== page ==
Diastolic Function

Diastole can be broken down into the following stages:

• Isovolumetric ventricular relaxation

• Rapid ventricular filling

• Slow ventricular filling (diastasis)

• Atrial contraction

Although diastole appears to be a passive part of the cardiac cycle it has some important functions.

• Myocardial relaxation—a metabolically active phase. One essential process is the re-uptake of calcium by the sarcoplasmic reticulum. Incomplete re-uptake leads to diastolic dysfunction due to decreased end diastolic compliance. The negative slope of the ventricular pressure-time curve during isovolumetric relaxation (termed [dp/dt max] indicates myocardial relaxation. Increased sympathetic tone or circulating catecholamine levels give rise to an increased [dp/dt max]. This is known as positive lusitropy

• Ventricular filling—provides the volume for the cardiac pump. Most of the ventricular filling occurs during early diastole. There is only a small increase in ventricular volume during diastasis. As the heart rate increases diastasis is shortened first. When the heart rate > about 140 bpm, rapid filling in early diastole becomes compromised and the volume of blood ejected during systole (stroke volume, SV) is significantly decreased

• Atrial contraction—contributes up to 25% of total ventricular filling in the normal heart. This atrial contribution can become of greater importance in the presence of myocardial ischaemia or ventricular hypertrophy

• Coronary artery perfusion—greater part of left coronary blood flow occurs during diastole Cardiac Valves

The cardiac valves open and close passively in response to the changes in pressure gradient across them. These valves control the sequence of flow between atria and ventricles and from ventricles to the pulmonary and systemic circulations. Valve timing in relation to the ventricular pressure curve is shown in Figure HE.15.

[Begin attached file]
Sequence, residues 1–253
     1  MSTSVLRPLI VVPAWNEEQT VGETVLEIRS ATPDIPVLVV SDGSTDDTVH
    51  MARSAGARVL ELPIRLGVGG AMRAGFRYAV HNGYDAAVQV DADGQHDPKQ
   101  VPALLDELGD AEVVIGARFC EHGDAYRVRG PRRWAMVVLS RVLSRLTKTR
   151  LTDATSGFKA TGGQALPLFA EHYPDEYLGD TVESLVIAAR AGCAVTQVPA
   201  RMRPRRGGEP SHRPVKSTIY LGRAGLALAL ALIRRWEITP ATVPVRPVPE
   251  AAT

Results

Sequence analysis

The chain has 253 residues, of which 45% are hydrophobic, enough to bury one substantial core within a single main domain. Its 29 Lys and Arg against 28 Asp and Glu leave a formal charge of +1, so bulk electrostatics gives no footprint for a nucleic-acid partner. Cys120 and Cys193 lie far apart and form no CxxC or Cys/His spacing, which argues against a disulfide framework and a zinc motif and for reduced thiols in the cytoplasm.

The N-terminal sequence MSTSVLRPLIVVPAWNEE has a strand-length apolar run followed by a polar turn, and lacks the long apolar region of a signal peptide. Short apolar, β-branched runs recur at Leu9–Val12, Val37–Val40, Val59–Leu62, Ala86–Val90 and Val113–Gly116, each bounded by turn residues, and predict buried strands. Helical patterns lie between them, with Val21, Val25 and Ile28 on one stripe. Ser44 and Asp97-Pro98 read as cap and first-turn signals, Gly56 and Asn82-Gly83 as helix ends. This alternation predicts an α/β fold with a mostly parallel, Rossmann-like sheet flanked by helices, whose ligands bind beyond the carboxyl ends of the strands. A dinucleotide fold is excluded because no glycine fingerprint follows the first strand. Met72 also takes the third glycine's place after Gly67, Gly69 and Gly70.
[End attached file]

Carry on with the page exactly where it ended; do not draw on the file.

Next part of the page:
The AV valves are the mitral and tricuspid valves. These prevent backflow from the ventricles into the atria during systole. The papillary muscles are attached to the AV valves by chordae tendinae. They contract together with the ventricular muscle during systole, but do not help to close the valves. They prevent excessive bulging of the valves into the atria and pull the base of the heart toward the ventricular apex to shorten the longitudinal axis of the ventricle, thus, increasing systolic efficiency.

Figure HE.15 Heart sounds and timing

The semilunar (SL) valves are the aortic and pulmonary valves. These prevent backflow from the aorta and pulmonary arteries into the ventricles during diastole. The SL valves function quite differently from the AV valves because they are exposed to higher pressures in the arteries. They are smaller (normal aortic valve area is 2.6-3.5 cm2 while normal mitral valve area is 4-6 cm2), therefore, the blood velocity through them is greater. Disease in the cardiac valves may cause them to leak when they are meant to be closed, thus, allowing backflow or regurgitation. This situation leads to inefficiency in producing cardiac output (CO), since the work done by the heart has to increase to compensate for the backflow and yet maintain adequate CO. Mitral and aortic regurgitation are the most common regurgitant lesions.

Alternatively, the orifice of a valve may become narrowed or stenotic. This obstructs the flow of blood through it and requires increased pressure gradients to be generated across the valve to achieve adequate blood flows. In mitral stenosis the valve area can be reduced by > 50%. This causes the left atrium to contract more forcefully to maintain ventricular filling. In severe cases a valve area of 1 cm2 can require the left atrium to produce peak pressures of 25 mmHg to produce normal CO. Aortic stenosis obstructs left ventricular output and increases the workload of the left ventricle. The stenosis can multiply the normal pressure gradient across the aortic valve during systole by ten times or more. When the aortic valve area decreases by 70% (< 0.8 cm2), the stenosis becomes critical and systolic pressure gradients across the valve of > 50 mmHg may be required, to produce normal CO.

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